I’m really excited by the “Building on the Block” plan’s commitment to eliminating program fees for blocks abroad. I’ve had the opportunity to teach several blocks abroad, and I have seen firsthand the impact of the experience on students, especially those who come from families with limited resources and who have rarely had opportunities to travel outside their own communities. While traditional semester abroad programs have a lot to offer, CC’s unique block system allows students to have shorter term but nonetheless rich and focused experiences.
Since 2005, I have been regularly teaching a class on black writers in Paris. Before taking this class, many of my students had been unaware that for the first decades of the 20th century, Paris was a center of the black diaspora where African, African American, Caribbean, and Latin American artists, intellectuals, students, writers, and entertainers encountered one another. Important political and artistic ideas such as Négritude and Caribbean surrealism were launched here among the conversations, periodicals, and performances that took place in cafés, salons, and lecture halls. From the American slaves who came to Paris to get an education denied to them in the United States, to the architects of the New Negro movement, to the jazz artists who charmed the French, to the African and Antillean francophone colonial subjects who, inspired by their encounters with other intellectuals from the Black Diaspora, returned to their native countries to loosen the bonds of colonialism, to the alienated young Arabs and Africans burning cars in the suburbs in 2005 and 2007, the city of Paris has played a central role in black diasporic culture, discourses of identity and freedom, and global conversations between black intellectuals. We walk the historic streets, explore museums, cultural sites, and monuments of the city which has symbolized all the promises and betrayals of humanism, modernism, and urban culture. In conversations with African American, Antillean, and African expatriate writers and artists — usually in their favorite cafés — we gain insight into the work of writers such as Langston Hughes, Aimé Césaire, the Nardal sisters, Claude McKay, and Cheikh Hamidou Kane, as well as into still simmering debates about the power of literature, the legacies of colonialism, diasporic culture, the values of humanism, and social justice.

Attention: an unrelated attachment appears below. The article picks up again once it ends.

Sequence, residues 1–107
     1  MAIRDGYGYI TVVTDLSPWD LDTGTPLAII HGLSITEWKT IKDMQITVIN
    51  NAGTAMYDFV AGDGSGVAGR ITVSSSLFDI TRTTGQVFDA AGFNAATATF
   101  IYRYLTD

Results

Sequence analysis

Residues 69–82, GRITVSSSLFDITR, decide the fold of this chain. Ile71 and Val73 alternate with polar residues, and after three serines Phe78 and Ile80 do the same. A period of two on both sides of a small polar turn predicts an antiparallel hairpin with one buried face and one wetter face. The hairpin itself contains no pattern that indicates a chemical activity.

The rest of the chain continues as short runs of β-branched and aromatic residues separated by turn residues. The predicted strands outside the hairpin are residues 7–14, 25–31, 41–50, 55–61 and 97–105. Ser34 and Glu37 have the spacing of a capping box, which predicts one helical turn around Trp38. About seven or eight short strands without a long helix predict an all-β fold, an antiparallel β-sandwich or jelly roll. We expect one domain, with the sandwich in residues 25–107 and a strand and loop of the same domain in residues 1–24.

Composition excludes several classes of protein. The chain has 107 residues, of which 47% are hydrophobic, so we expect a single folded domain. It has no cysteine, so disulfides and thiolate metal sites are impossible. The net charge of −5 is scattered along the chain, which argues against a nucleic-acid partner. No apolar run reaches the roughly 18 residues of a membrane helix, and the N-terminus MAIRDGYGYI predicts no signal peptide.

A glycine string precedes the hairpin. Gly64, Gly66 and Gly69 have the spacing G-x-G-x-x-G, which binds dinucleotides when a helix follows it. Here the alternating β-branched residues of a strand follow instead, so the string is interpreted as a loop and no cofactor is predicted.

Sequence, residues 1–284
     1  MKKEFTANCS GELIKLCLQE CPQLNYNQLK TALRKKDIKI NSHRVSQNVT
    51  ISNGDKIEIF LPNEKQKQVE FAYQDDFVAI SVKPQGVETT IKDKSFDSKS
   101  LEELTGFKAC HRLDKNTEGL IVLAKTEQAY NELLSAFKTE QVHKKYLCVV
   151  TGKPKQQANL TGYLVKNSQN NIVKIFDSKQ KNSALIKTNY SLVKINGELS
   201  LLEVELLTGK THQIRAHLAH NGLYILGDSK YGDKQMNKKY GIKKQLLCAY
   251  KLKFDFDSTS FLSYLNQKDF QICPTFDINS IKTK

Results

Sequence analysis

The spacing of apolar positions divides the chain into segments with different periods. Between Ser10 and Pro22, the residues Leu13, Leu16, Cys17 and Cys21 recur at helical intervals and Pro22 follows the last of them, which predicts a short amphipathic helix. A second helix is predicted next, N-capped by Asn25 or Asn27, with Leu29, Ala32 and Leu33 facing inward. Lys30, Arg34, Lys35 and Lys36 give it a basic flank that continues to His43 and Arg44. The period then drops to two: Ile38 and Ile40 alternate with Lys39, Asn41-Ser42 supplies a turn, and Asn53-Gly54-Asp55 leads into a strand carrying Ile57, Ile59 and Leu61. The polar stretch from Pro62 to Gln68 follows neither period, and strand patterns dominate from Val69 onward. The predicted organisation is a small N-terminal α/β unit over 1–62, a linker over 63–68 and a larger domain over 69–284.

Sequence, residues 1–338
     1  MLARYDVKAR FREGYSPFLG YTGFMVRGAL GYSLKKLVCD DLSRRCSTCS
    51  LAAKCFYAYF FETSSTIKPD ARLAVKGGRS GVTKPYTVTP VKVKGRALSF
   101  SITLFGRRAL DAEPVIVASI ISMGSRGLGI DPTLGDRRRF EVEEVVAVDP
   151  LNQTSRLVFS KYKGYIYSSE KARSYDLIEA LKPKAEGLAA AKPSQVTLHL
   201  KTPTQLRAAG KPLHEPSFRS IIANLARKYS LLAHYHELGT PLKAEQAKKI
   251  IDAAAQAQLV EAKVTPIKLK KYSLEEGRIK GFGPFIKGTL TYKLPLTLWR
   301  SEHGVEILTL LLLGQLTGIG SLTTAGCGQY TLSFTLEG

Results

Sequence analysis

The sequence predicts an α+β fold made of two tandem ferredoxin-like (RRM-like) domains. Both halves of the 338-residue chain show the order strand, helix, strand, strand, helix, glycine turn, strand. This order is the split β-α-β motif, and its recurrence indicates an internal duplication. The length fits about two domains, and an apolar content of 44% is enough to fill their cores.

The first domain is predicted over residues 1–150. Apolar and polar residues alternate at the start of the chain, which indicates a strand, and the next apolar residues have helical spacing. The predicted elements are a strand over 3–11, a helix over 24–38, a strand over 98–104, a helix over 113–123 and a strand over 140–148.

Many students have told me that this class, which could only be taught in Paris, has been transformative. One student wrote: “[T]his class did justice to the complexity of [the racial issue] and all of the complications surrounding race and identity in France. It also unexpectedly led me to really reflect on American identity, more so than I had before.”
It’s very important that the college commit itself to making sure that all Colorado College students can have these sorts of experiences in the growing number of exciting new blocks abroad classes that are being offered by many departments.
Claire Garcia is professor of English.